My fifth-grade students run our school newscast. Everyday out fifth-graders lead the school in announcements, the pledge, and general information. I am blown away by how well the students can take the technology they are learning and put it to use immediately! One of the teachers on the fifth-grade team helps coordinate our students on a daily basis for our TV programs which we call “Tiger TV”. We have two green screens, a mini-mac, two camera’s lights, a teleprompter, and a board which controls all of the broadcast. We have students which run all of the equipment on their own. We have developing our TV program over the past three years and each year we add in a new feature. Just last week we added the teleprompter. Well, today it turns out that the two teachers that are always in the broadcast room with the students were both out sick! YIKES!!! Our students rose the occasion and ran all of the equipment on their own! It was an amazing broadcast! We have several students that are our students directors and then all of the other students rotate on and off of Tiger on a three week basis. The students that are rotating off of the broadcast train the new students on the equipment. This year we have even starting allowing our fifth-graders to write our scripts. I am amazed every day at how well the students acclimate to technology!
I was thinking about this because of another blog post I was reading earlier about letting students play in the sandbox. This is a concept that was developed by Vicki Davis and the author of the blog was discussing why it is important to allow students to play on technology that we are introducing them to so they feel comfortable. I think that concept is extremely important and I believe that is why our students have taken ownership of our news broadcast; because they have been able to play, with guidance, and then today when they had to take control and use the technology they had no issue! The students are using so many different software programs to run the equipment, even from a PC and a Mac, and they have no difficulty. Allowing students to play in the sandbox and develop a level of comfort with the software will insure success in using software when they are required to apply the skills in class.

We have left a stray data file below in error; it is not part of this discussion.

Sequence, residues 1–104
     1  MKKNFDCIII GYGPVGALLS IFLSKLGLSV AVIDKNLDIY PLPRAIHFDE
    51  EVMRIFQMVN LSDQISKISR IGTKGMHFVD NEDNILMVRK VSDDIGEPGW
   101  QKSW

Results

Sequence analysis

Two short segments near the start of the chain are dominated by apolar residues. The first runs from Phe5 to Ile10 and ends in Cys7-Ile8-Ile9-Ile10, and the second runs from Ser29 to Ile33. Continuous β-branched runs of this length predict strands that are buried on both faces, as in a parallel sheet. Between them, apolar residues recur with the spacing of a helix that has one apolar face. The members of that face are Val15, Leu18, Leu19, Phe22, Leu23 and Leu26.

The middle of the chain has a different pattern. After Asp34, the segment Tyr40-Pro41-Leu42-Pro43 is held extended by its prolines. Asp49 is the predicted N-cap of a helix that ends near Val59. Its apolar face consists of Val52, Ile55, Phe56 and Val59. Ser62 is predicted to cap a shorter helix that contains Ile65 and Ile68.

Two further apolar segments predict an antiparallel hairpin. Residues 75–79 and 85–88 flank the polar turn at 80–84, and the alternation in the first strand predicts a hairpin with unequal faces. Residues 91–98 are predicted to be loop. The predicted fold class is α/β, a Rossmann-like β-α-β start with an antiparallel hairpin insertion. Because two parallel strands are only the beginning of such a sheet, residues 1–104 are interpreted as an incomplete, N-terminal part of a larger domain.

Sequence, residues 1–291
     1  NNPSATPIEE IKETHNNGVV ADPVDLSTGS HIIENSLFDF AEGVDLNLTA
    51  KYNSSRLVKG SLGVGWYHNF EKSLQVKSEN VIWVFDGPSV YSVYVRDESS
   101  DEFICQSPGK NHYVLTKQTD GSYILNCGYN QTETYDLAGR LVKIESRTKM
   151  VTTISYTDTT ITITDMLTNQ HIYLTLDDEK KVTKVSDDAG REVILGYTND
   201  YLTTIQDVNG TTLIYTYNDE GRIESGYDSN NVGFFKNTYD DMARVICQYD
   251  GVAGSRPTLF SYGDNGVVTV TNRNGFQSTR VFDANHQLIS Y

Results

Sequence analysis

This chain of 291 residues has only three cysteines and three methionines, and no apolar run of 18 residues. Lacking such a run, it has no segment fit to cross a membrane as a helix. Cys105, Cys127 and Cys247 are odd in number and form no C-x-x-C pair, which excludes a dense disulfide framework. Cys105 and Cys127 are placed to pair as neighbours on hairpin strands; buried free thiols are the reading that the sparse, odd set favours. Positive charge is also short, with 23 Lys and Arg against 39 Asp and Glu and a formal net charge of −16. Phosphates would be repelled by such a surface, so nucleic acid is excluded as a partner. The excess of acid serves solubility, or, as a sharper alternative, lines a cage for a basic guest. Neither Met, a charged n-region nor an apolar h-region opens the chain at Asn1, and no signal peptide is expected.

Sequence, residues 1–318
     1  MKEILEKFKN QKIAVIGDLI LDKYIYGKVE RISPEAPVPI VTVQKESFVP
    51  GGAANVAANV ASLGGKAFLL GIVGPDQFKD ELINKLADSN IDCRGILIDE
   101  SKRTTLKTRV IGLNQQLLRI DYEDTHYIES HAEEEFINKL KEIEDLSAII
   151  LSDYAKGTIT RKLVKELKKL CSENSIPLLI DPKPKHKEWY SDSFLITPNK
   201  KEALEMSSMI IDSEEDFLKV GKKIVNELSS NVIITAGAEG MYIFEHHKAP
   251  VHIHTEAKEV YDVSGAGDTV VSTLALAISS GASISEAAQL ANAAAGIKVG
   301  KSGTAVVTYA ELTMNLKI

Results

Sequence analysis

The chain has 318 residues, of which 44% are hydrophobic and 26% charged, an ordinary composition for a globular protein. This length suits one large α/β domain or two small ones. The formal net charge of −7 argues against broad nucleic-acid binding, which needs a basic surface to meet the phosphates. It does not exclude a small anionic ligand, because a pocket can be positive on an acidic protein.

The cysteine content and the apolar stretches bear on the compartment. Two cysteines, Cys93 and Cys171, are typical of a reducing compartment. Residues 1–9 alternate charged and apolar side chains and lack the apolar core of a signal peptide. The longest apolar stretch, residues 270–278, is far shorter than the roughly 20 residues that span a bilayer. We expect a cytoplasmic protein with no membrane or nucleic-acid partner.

I can see in my own classroom where I haven’t let the students play in the sandbox and then I spent a LOT of time troubleshooting with the students. If we give sandbox time on the front end, time will be saved throughout the lesson.